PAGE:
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Planning reforms could slow house-building in England if not adequately resourced, warns RTPI

The Royal Town Planning Institute (RTPI) has called for cast-iron guarantees from government that its radical proposals to overhaul the planning system in England will deliver affordable homes, meet net-zero carbon targets and address societal inequalities.

Responding to Planning for the Future, a White Paper published by the Ministry of Housing, Communities and Local Government (MHCLG), today, chief executive of the RTPI, Victoria Hills, also warned that without serious resourcing the reforms could slow down housebuilding in England.

Ms Hills welcomed recognition in the White Paper of the importance of planning in ensuring a sustainable recovery, but warned many unanswered questions remained.

She cautioned that introducing reforms at a time when the country is grappling with the effects of a global pandemic could lead to greater uncertainty, delay development and put the recovery at risk.

Ms Hills said: “Deeper thinking is required about the function of the housing market – planning is not the cause of low build-out numbers. Over the years hundreds of thousands of permissions have been granted for new homes that have never been built. There is a problem with the delivery model and I am not convinced that these reforms sufficiently address that.

“Many of these proposals will require not only serious time and financial resource but in some cases primary legislation. There is a risk that development and house-building could stall while this is implemented.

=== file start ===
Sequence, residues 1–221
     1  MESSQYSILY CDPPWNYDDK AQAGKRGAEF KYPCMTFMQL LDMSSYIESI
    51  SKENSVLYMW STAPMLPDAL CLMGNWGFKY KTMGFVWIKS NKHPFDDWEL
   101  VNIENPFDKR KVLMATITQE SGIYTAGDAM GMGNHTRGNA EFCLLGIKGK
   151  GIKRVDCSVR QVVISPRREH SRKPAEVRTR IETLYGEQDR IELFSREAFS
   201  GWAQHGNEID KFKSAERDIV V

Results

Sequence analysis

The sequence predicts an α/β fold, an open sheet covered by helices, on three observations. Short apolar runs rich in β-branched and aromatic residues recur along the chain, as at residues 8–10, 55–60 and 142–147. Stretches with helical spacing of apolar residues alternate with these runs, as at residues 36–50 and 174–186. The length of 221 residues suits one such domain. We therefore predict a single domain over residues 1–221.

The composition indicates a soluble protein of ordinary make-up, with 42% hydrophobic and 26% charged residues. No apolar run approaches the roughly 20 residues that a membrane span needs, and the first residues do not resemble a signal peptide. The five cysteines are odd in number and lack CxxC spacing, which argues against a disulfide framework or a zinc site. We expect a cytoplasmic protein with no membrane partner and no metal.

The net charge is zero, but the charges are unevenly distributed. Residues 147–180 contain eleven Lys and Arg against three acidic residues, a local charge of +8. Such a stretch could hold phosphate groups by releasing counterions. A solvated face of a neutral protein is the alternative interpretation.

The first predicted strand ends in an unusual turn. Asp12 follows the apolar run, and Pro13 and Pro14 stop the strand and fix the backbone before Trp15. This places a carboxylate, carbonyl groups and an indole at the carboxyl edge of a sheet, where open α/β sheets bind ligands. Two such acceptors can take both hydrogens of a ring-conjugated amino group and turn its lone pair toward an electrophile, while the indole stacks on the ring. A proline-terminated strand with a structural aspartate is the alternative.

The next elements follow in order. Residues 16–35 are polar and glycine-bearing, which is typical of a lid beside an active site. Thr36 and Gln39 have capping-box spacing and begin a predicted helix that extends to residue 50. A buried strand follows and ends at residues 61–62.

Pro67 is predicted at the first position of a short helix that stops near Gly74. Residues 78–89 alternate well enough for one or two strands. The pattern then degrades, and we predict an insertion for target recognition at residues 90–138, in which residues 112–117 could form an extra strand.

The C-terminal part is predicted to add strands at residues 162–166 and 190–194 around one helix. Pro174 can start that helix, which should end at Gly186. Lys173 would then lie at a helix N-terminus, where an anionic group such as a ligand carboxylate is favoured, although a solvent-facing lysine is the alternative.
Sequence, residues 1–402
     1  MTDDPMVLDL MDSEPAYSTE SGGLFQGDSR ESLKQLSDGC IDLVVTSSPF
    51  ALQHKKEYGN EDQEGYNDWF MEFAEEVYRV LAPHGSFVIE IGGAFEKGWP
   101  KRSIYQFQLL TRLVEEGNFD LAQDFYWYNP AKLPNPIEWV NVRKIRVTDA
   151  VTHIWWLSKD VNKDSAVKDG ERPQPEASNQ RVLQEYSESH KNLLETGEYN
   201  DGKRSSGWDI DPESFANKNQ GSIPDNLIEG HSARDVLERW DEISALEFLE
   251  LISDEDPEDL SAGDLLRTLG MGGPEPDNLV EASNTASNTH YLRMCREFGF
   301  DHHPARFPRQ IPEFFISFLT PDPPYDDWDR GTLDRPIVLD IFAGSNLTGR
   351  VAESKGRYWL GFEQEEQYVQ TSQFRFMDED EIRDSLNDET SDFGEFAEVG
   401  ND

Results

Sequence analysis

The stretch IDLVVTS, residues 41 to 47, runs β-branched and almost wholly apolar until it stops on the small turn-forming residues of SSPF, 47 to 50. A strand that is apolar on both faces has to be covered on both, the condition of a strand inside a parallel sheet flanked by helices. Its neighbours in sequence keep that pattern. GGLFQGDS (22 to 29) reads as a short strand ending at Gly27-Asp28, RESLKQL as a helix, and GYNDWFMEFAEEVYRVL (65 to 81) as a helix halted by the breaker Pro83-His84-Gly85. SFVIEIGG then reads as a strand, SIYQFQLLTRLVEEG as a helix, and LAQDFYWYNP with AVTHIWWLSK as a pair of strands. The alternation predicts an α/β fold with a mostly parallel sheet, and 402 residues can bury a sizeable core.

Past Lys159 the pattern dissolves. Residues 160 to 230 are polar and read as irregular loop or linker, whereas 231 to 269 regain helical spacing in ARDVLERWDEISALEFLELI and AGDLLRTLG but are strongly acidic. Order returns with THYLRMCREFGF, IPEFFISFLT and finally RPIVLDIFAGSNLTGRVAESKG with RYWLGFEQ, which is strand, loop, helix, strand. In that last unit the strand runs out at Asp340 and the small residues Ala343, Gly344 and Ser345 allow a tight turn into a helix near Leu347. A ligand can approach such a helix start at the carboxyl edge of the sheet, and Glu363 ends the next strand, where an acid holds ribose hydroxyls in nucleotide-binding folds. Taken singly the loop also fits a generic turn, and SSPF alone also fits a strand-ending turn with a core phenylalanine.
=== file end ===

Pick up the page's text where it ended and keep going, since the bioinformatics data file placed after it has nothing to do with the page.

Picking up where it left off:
”As outlined in our Plan the World We Need report, which the government referenced in its policy paper, a well-resourced planning system should play a significant post-Covid role in reviving the economy, seizing the opportunity to tackle inequality and meet net-zero targets.

“Resourcing is vital – if these reforms are not adequately funded they risk stamping on the green shoots of recovery.”

She said the proposed new zonal system was ‘rather simplistic’ and called for further detail on how it would enable the upfront delivery of critical infrastructure and increase design quality, especially when coupled with the expansion of Permitted Development Rights and changes to the Use Class Order. She also said serious examination of proposals to introduce a single statutory sustainable development test was also required.

While welcoming recognition in the paper of the importance of a local plan, she warned that more detail was required on strategic planning across local authority boundaries and with infrastructure providers. Proposals to make the role of chief planner a statutory role in local authorities were “sensible”, she said and something the RTPI had long called for.

Ms Hills also said more thought was required on how to engage communities throughout the planning process, and expressed concern that replacing the Community Infrastructure Levy and Section 106 payments with a single new levy could result in less money for affordable housing, sustainable transport and other critical infrastructure.

She welcomed the commitments to invest in digital planning, pointing out that the RTPI had been calling on the government to display leadership on this transformation for some time.

She concluded: “What is clear from these proposals is that the government has recognised that planners and the planning system are vital to ensure the creation of healthy communities where people can thrive, but we need more detail. The RTPI will judge the success of these reforms on how successfully they tackle inequality, deliver net-zero carbon, promote sustainable transport, improve housing affordability, enabling community engagement and support strategic planning.”

The RTPI will be consulting widely across its membership over the next three months on the Planning for the Future proposals.

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